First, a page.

Joker is the latest DC outing chronicling the origin story of Batman’s most iconic villain, but unlike previous properties Shazam and Aqauaman, it’s a film that feels much more like the publisher’s Black Label comics. Its a darker and nastier affair that comes across almost like a Scorsese film, with an obvious Taxi Driver and The King of Comedy influence. Comic fans will notice a slight departure from source material, The Killing Joke, and other than the occasional Wayne character, the film is free from the confines of having to tie into a wider DC universe – and it’s all the better for it. For all the controversy surrounding the film, it’s not as ultra-violent as expected, favouring a slow burn approach that delves into the psyche of the man who would become the Joker. It’s an affecting and upsetting experience, but that’s the point.
Directed by Todd Phillips, Joker centres on Arthur Fleck (Joaquin Phoenix), a clown for hire who aspires to become a stand-up comedian whilst trying to care for his ill mother (Frances Conroy). It’s 1981 and Arthur is struggling to make ends meet in a broken Gotham that’s littered with ever growing piles of trash, super rats and a growing disparity between the rich and poor. He’s beaten and broken down by society and the numerous medications and counselling he relies upon to cope is cut due to loss of funding. When his hero, late-night TV host Murray Franklin, openly mocks his stand up routine on live TV, he becomes one of the many factors that tips Arthur over the edge, setting in motion his downwards spiral to violence and depravity. His resulting actions will ignite an uprising in the city that will have significant ramifications for years to come.
This isn’t your usual comic book fare; this is a sad, unflinching look at when the system fails a person who’s been struggling with mental health issues and social alienation their whole life, and his consequential unsettling descent into madness. Phillips documents the dark and ugly side of humanity; it’s a discomforting reflection of modern times that addresses difficult themes of mental health, abuse and social and wealth inequality, which all have an underlying effect on Arthur’s tale and that of Gotham. It’s an unsettling and raw look at how an awful chain of events can utterly change a person’s world, events that will eventually shape Arthur into the Prince of Crime.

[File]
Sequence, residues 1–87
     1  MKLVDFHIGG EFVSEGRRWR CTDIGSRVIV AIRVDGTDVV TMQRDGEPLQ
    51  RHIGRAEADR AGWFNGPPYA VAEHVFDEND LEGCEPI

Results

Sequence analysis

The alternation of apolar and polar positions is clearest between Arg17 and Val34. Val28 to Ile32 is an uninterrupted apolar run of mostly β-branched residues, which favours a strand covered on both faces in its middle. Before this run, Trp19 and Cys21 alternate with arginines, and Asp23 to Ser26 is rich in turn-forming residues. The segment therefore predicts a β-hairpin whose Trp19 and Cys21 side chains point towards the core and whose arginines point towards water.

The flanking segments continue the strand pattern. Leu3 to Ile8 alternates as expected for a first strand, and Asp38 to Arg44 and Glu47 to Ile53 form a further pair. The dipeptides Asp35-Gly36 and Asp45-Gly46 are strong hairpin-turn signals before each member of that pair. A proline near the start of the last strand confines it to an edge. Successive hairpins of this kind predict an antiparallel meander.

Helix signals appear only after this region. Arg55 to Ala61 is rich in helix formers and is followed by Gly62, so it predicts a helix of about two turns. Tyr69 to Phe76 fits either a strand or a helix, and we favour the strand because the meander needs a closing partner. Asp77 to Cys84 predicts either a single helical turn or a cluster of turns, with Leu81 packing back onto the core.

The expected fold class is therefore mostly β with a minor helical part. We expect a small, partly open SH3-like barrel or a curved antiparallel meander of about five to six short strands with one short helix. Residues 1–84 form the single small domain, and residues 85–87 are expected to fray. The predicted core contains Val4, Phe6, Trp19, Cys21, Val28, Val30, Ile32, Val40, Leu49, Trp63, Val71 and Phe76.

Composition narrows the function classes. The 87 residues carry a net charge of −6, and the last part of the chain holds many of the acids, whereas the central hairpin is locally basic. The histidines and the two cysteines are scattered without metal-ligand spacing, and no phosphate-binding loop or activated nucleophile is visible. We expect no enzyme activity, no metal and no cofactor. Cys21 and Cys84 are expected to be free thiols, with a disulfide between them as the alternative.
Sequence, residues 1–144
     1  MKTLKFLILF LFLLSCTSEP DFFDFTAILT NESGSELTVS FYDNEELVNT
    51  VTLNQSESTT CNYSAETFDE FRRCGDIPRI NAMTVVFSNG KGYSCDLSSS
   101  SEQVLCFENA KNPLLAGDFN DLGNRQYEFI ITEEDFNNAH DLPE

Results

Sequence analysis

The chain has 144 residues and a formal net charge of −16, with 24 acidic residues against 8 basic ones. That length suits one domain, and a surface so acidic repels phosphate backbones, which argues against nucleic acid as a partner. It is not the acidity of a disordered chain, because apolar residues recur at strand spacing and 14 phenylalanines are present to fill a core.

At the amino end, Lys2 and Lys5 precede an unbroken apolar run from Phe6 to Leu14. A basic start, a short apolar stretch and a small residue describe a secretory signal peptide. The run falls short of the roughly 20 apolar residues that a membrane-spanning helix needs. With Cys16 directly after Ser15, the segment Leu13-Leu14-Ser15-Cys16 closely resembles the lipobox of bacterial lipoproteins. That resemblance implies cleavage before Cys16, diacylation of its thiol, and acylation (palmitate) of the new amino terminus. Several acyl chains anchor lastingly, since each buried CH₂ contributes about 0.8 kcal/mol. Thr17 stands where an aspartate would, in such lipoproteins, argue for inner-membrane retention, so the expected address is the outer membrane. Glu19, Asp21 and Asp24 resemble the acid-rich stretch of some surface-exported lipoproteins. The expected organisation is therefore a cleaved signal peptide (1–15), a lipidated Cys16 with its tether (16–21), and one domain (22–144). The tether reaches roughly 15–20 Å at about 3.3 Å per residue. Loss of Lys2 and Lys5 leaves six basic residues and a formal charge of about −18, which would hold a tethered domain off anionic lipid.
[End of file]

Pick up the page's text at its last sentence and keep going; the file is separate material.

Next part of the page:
Phillips brings a stark realism to the iconic villain in a way that I never expected; at times I genuinely found myself empathising with him, before remembering just who he becomes. Leaving the cinema, I found it hard to comprehend what I just watched; on the one hand I felt devastated by Arthur’s inevitable transformation, but on the other I felt a slight sense of disappointment at the film’s more grandiose, and dare I say pretentious, moments. The extended Phoenix dancing sequences definitely felt somewhat self indulgent
Joaquin Phoenix is completely transformed as Arthur, perfectly embracing the maniacal mask with an utterly chilling, yet scarily vulnerable performance. This is a tragic portrayal of a fragile man who has truly hit rock bottom; “all I ever have is bad thoughts” he confesses to his counsellor. Phoenix has adapted a unique, almost emaciated physicality to become Arthur, even down to the awkward way he runs and the uncomfortable sound of his laughing fits – I wouldn’t be surprised if he won a number awards for his performance. Frances Conroy is also tragically superb as Penny Fleck, with Robert De Niro going full circle since his King of Comedy days, with Rupert Pupkin becoming Murray Franklin.
Lawrence Sher’s gritty cinematography really does bring to life a grungey and grimey Gotham, with the added colour grading and costumes proving an impressive homage to late 70s early 80s vigilante movies. Chernobyl composer Hildur Guðnadóttir’s chillingly dark score is an absolutely perfect companion to Arthur’s descent; it’s a haunting accompaniment that insights a lurking sense of dread which we all know is inevitably coming.
Despite all of the controversy surrounding the film, Joker is the first of its kind comic book movie that really delves into mental health and trauma, featuring an Oscar-worthy performance from Joaquin Phoenix that will definitely leave you reeling long after the credits have rolled.